REPORT ON THE HISTORIC PERFORMANCE OF DIFFERENT AUTO MANUFACTURERS IN THE NEW CAR ASSESSMENT PROGRAM TESTS
In 1978, the National Highway Traffic Safety Administration (NHTSA) began the New Car Assessment Program (NCAP) with the primary purpose of partially fulfilling one of the requirements of Title II of the Motor Vehicle Information and Cost Savings Act of 1972. This requirement was to provide consumers with a measure of relative crashworthiness of passenger motor vehicles. The agency concluded that by using existing technical approaches, safety information on the relative crashworthiness which vehicles provide in high-speed frontal crashes could be developed. This information provided consumers with an important input to aid them in their vehicle purchase decisions. The ultimate goal of NCAP was to encourage vehicle manufacturers to voluntarily design better crashworthiness into their vehicles, by using market forces, as compared to regulatory directives. In this program, vehicles are subjected to a frontal crash test. The vehicles are towed head-on into a fixed, rigid barrier at 35 mph. The report lists the relative crashworthiness of the vehicles in a high-speed frontal impact.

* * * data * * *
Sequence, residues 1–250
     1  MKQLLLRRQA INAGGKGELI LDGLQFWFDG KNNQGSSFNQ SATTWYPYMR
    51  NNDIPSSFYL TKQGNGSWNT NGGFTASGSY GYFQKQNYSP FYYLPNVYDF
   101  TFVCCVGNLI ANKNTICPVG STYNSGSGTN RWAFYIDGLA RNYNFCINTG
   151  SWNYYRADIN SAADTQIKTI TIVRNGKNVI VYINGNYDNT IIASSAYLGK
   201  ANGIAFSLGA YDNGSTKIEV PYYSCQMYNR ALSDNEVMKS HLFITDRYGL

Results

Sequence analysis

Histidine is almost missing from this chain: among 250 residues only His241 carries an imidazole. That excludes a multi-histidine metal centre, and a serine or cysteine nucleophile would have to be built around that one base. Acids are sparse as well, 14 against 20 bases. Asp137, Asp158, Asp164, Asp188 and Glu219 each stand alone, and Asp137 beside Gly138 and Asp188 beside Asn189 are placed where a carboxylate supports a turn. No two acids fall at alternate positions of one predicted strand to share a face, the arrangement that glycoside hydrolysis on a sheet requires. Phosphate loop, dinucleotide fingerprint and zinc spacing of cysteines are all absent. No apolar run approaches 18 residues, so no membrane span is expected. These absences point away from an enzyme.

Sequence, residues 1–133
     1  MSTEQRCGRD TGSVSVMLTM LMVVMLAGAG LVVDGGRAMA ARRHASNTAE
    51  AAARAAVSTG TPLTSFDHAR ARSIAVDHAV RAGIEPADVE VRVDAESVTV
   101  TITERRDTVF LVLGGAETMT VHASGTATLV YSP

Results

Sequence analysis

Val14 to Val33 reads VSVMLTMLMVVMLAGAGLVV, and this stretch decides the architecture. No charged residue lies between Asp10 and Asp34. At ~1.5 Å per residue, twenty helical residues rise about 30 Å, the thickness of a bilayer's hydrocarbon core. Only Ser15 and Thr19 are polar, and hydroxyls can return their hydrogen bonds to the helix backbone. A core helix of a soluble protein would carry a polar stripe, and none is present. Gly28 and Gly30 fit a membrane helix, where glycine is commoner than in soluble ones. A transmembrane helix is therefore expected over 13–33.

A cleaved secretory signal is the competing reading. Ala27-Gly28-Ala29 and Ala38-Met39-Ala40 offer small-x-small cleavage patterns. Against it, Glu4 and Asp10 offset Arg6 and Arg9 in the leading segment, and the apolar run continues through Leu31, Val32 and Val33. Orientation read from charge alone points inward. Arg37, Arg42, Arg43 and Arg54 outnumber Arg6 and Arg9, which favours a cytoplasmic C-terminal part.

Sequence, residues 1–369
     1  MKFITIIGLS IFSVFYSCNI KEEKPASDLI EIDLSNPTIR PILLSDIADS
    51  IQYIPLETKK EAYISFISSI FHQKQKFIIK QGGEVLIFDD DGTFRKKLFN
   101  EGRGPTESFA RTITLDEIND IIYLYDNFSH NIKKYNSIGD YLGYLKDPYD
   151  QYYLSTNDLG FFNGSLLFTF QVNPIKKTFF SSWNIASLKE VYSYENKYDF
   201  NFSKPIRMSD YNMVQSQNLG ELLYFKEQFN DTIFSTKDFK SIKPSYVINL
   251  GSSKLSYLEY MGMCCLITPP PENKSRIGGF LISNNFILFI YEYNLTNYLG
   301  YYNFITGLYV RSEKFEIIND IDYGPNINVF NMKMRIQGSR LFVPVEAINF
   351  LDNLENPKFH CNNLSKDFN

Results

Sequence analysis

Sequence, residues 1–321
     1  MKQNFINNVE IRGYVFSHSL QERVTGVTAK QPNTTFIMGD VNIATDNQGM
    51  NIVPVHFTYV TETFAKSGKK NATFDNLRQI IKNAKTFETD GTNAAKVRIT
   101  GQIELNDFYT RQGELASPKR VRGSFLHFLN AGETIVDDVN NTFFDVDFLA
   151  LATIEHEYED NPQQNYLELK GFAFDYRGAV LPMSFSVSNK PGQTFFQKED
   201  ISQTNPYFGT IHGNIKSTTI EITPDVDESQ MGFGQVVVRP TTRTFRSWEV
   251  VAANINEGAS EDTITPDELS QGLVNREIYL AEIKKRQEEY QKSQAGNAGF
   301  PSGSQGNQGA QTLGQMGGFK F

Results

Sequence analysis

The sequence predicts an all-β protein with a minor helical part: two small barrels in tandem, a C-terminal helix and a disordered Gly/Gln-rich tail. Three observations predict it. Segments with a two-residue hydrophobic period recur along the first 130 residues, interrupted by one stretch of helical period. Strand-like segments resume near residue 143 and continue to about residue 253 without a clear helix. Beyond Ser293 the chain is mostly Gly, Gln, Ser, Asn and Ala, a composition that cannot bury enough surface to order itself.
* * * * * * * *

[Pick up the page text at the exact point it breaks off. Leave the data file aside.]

Washington, DC United States 20590
- Publication Date: 1993-8
- Pagination: 122 p.
- TRT Terms: Automobile industry; Crash injury research; Crashworthiness; Frontal crashes; Vehicle design; Vehicle safety
- Old TRIS Terms: Automobile manufacture; High speed tests
- Subject Areas: Design; Highways; Research; Safety and Human Factors; Society; Vehicles and Equipment; I91: Vehicle Design and Safety;
- Accession Number: 00669163
- Record Type: Publication
- Report/Paper Numbers: HS-808 088, HS-808 286
- Files: HSL, TRIS, USDOT
- Created Date: Nov 21 1994 12:00AM